[In the latest in a series of
Gamasutra-exclusive bonus material originally to be included in Bill Loguidice
and Matt Barton's new book Vintage Games, we examine Eugene Jarvis' devious but delightful 1980 arcade game Defender and its descendants. Previously in this
'bonus material' series: Elite, Tony Hawk's Pro Skater, Pinball Construction
Set, Pong, Rogue and Spacewar!.]
When Eugene Jarvis was developing the now-classic
arcade game Defender for top pinball machine manufacturer Williams
Electronics, he admits that the company's management was skeptical.
Defender's response at the November
1980 Amusement & Music Operators Association (AMOA) trade show was
indifferent at best. "They were afraid of this game," said Jarvis,
reminiscing on the game's debut. "I guess it was all the buttons."
Unlike most games of the era, which featured at most a few
buttons and a controller, Defender offered five buttons along with a
joystick to perform the game's esoteric actions.
its extraordinary difficulty, which was arguably balanced by the depth of the
gameplay and strong audio-visuals, Defender became a smash hit for
It quickly established both the company and Jarvis as players in the
rapidly expanding arcade game industry. The relationship led to another hugely
influential classic just two years later, Robotron: 2084, which is detailed in another bonus chapter.
of the attract screen from the arcade version of Defender.
August 2007 article, John Harris called Defender the "hardest
significant game there is," remarking that such a demanding game seems "unthinkable"
today. Although there are plenty of challenges in today's videogames, few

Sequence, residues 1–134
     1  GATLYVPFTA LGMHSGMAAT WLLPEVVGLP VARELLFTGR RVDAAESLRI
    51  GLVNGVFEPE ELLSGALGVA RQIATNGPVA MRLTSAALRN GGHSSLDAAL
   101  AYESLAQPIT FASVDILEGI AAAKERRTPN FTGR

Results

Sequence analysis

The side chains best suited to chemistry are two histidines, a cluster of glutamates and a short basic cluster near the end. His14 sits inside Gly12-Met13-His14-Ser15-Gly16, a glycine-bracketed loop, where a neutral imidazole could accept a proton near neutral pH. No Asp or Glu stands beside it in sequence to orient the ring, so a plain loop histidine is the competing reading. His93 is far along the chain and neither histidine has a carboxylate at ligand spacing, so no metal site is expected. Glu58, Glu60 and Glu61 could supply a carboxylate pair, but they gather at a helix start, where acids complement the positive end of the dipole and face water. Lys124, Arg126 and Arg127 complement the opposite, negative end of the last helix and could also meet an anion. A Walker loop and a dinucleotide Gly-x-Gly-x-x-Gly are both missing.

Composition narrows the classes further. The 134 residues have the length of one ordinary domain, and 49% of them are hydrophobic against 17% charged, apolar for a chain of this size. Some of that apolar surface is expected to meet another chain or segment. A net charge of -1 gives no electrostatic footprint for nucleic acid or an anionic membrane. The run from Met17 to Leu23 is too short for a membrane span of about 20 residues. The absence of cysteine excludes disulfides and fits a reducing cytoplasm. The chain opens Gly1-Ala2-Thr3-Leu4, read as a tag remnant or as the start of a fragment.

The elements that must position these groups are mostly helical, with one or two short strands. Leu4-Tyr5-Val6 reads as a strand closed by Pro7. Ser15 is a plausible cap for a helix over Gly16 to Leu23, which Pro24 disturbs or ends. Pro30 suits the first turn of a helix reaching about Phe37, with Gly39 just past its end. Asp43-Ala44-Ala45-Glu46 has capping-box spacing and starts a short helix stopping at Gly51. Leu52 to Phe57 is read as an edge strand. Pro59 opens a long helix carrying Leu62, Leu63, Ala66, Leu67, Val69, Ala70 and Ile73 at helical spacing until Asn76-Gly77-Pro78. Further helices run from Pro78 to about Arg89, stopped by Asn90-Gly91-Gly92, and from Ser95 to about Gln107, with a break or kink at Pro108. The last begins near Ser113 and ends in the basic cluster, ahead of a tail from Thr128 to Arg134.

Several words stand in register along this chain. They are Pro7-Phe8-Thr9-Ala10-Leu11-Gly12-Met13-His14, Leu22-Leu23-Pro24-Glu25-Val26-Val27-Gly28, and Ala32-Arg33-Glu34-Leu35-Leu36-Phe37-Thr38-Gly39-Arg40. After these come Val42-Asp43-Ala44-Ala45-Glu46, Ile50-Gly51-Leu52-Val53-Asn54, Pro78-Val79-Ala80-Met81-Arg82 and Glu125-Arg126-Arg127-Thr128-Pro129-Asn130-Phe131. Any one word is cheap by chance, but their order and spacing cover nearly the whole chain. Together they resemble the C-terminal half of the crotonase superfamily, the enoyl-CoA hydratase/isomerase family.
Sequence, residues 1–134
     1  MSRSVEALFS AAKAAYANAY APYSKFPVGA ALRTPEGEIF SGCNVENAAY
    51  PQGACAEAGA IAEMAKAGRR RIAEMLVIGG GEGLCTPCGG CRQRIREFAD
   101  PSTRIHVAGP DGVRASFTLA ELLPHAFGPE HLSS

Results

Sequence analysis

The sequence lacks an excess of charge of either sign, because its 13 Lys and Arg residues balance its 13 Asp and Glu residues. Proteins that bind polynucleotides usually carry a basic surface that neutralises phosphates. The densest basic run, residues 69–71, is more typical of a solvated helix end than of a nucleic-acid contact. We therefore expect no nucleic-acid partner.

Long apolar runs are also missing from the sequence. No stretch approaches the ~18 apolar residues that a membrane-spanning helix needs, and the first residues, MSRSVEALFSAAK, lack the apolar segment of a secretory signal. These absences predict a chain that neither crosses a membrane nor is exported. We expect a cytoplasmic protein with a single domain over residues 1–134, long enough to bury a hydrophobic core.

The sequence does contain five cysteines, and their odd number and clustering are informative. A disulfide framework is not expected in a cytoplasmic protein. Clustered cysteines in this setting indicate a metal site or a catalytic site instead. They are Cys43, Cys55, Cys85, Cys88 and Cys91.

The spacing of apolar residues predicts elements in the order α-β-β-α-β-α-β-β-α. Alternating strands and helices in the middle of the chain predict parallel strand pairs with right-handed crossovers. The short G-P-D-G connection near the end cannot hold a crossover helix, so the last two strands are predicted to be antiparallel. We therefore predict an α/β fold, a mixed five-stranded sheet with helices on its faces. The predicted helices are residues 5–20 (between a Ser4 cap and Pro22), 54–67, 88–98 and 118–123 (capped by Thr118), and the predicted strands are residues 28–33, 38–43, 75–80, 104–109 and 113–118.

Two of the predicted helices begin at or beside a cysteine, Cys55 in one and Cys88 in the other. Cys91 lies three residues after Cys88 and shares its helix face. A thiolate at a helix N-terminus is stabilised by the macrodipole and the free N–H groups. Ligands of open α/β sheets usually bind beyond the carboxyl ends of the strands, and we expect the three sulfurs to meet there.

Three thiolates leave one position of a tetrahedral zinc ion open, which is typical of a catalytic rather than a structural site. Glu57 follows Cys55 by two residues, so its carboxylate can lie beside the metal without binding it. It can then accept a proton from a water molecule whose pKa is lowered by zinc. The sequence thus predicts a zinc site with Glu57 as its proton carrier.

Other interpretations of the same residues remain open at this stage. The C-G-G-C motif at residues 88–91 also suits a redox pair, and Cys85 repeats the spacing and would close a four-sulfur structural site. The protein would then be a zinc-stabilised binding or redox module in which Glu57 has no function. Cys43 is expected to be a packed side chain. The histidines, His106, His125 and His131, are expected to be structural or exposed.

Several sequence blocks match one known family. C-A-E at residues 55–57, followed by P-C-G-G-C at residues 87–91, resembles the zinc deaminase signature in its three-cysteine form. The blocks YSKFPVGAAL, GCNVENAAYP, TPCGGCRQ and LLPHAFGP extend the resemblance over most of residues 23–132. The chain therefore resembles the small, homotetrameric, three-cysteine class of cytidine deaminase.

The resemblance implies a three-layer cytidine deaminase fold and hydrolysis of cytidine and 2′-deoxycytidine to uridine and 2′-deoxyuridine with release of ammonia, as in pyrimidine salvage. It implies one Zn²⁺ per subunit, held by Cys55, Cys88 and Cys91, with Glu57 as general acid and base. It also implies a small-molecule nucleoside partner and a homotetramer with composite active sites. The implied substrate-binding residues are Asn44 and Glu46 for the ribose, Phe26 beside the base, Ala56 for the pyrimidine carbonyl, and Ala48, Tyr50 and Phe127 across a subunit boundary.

require the intense coordination and Zen-like concentration necessary to
achieve a high score in Defender.
screenshot showing Defender in
from Atari's Battlezone, which is
another classic game from 1980 that features a useful scanner for detecting
enemies off screen.
The primary goal of Defender is for the player to
pilot the titular spaceship and prevent stranded Humanoids from getting
abducted by aliens. These alien enemies include the Lander, Mutant, Bomber,
Pod, Baiter, and Swarmer. Keeping the Humanoids safe and rescuing them from
aliens was a formidable task to say the least.
The Defender was
armed only with a relatively slow-to-fire, edge-of-screen-length laser, a
limited number of screen-clearing smart bombs, and an unrestrained ability to
randomly disappear into hyperspace -- perhaps reappearing to worse danger or
even immediate destruction. Fortunately, tracking the Humanoids was simplified
with an innovative scanner or "minimap" shown at the top of the
screen, as well as a distinctive sound effect that played whenever a Humanoid
was in danger.
The minimap, which became a common feature in other games,
added a cohesive quality to the scrolling, multiscreen playfield. It was then
up to the player to race to the Lander's location before it reached the top of
the screen and destroy it without killing the Humanoid. If a Lander were
successfully dispatched, the Humanoid would begin to fall, potentially to its
death if the fall was great enough.
In that case, the Humanoid would go "splat"
if the player could not catch it mid-fall. The player could then fly with the
rescued Humanoid under the Defender until one or the other was blasted by an
enemy or the Humanoid was dropped off safely at the bottom of the screen, where
it would resume walking with no apparent destination. If a Humanoid was
successfully abducted, it would transform into a crazed Mutant, presenting an
even more fearsome enemy to deal with.
If all the Humanoids were captured, the planet exploded and
turned all the Landers into Mutants, creating a scenario that all but the best
players were unable to survive for more than a few seconds. Despite the amazing
difficulty, it is this "catch and rescue" play mechanic that stands
as one of Defender's best features and was mimicked in some of the
better games it later inspired.
screenshot from Defender showing a
Lander flying upwards with a captured Humanoid.
Affectionately dubbed SHMUP (shmup) by some enthusiasts.
 From the
multimedia retrospective on Williams
Arcade Classics (Midway, 1995; PC, Sony PlayStation, and others).
 Defender's development was completed
with the help of Larry DeMar, Sam Dicker, and Paul Dussault. Demar would also
work with Jarvis on Robotron: 2084.